Introduction to Anthropology (daytime) – Online
A famous social anthropologist once described his job as being a sort of cross-cultural private eye, spying into peoples cultures instead of their bedrooms! Anthropologists look at very different societies, often finding different solutions to common human problems, for example the problem of how to obtain food or how to raise children, or how to explain sickness or understand what happens after death. Discovering these differences (or similarities) is fascinating and brings us to the essence of Anthropology - it makes us stand back and question our own assumptions. It shows that almost no piece of human behaviour is either natural or inevitable. On this course we will examine some of the ways people think and act in different cultures, including our own.
Who is this course for
The course is for anyone who is interested in finding out what Anthropology is and why it is useful. The only requirement is that you are open-minded, prepared to contribute to discussion and interested in people.
What does this course cover
This is an introductory course and the emphasis is on finding out about the subject by actually doing some Anthropology. That will involve examining the ways people think and act in different cultures, including our own. We will look for answers to key questions. What is Anthropology? what does it include? Why is it interesting? Why is it useful? How do anthropologists work? What problems do they meet? What are some of the major theories in the history of Social Anthropology and how have those ideas influenced our understanding of society and culture?
We will focus on one of the important organising principles in human society - reciprocity- examining what it means and how it works (or doesnt work) in different societies. Then, as anthropologists, will use the concept of reciprocity to investigate the institution of marriage across different cultures. What do we mean by 'marriage'? How widespread is it? How can we use the idea of reciprocity to help us understand the different rules and practices surrounding marriage? How diverse is marriage? Does cross-cultural comparison lead to deeper understanding of our own traditions and taboos?
Underpinning the course is an understanding that each individual brings into class his or her own unique set of assumptions and evaluations based on different beliefs and experiences, and that sharing these different perspectives enriches and deepens learning for all.
By the end of the course you should be able to:
- Explain what Anthropology is and what distinguishes it from other social sciences
- Recognise and question culturally determined assertions
- Identify and describe at least two of the key theories in the history of Social Anthropology
- Use an anthropological approach to investigate an aspect of culture
What will it be like
The course will be run online using Zoom for the live class sessions and either the Moodle page for the course or some other system for the distribution of the electronic resources for the session sitting alongside this. Although there will be some adjustments that need to be made for the online version of this course, we will aim to keep the experience as close as possible to that of a face to face course taught in the Centre.
Learning and teaching methods used include tutor presentation, discussion, small and large group activities, watching documentary film, research. There is no formal assessment. Your progress will be monitored and supported through observation and discussion.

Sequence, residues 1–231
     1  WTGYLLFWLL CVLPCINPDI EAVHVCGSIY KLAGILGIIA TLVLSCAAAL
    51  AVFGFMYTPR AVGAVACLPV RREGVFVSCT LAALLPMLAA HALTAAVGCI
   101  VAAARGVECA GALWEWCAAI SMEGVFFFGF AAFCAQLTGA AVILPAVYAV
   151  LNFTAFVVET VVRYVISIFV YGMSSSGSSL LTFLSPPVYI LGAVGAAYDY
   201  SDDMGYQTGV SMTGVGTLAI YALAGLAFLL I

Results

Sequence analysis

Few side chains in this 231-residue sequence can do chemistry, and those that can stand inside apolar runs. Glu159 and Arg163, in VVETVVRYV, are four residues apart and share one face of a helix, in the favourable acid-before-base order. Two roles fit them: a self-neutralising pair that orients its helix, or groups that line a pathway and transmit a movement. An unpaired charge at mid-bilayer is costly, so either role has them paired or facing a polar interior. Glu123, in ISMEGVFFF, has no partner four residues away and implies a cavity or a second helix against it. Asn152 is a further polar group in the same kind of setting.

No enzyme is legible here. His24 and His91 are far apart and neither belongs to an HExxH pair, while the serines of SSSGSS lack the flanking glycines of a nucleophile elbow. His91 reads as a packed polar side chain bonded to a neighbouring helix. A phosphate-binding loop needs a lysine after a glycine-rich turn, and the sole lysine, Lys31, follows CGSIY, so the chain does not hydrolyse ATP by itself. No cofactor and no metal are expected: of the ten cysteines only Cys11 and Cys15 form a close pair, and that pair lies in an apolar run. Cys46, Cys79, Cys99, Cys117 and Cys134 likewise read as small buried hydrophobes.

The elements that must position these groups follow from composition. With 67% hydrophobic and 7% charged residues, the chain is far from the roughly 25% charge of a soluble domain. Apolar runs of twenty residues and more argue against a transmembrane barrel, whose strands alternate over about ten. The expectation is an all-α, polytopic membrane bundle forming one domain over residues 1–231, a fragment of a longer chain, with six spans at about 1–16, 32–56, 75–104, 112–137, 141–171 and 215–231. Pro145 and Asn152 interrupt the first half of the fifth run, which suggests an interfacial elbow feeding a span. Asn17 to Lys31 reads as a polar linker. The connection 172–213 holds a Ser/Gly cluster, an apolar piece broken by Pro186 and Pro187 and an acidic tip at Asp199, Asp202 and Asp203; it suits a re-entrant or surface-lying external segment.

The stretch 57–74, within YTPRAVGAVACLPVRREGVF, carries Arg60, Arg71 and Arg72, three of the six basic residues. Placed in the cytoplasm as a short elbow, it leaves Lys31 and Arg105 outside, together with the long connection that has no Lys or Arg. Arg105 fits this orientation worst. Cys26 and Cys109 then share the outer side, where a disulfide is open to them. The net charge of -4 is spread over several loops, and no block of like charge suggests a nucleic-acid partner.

What else do you need to buy or do
The course will be run on Zoom, please make sure you have installed it in advance of your first class on your computer or mobile device. You can sign up for free here:
You will need a microphone (it's fine to use whatever is built into your device) and camera, so we can see you via video. You may also want to use headphones during the session.
You can participate in class sessions through the use of a computer, laptop, tablet or other similar internet enabled device. Please note that if you only have access to a smartphone, you will be able to attend the class sessions and participate in them but you will find it more difficult to benefit from the full range of materials and activities involved in the course if this is your only means of connection.
Make sure you have a small space to work in during the session and that as far as possible that you can keep this space quite and clear of interruption so that you can concentrate on what is happening in the class.
By signing up to the course you are consenting to being on camera. The content of the lesson may occasionally be recorded by the tutor for internal education and training purposes but any such recordings will not be made available to anyone outside of the Mary Ward Centre organisation without us asking you again for further permission to do so.
You only need paper and pen. You should read the material provided by the tutor. This will help you participate fully in class.
What this course could lead to
Students can enrol on the next course with Jo; 'Looking at Humour- an anthropological perspective'' starting in January 2020. You may also be interested in the Archaeology courses.
It's confirmed my interest in the subject & inspired me to pursue it further. Also has challenged many of my preconceptions.MWC student
Got a Question about this Course?
Contact The Departmental Administrator.
Why choose Mary Ward?
Mary Ward Centre is the adult education centre with a difference. We provide a wide range of subjects for people at all levels and run courses during the day, evening and weekends to suit your timetable. You can learn face to face at one of our centres (Bloomsbury or Waterloo) or take an online course
Get inspired and enjoy excellent teaching in an environment where each individual’s learning experience is valued. That’s what makes Mary Ward Centre ‘the friendly place to learn.’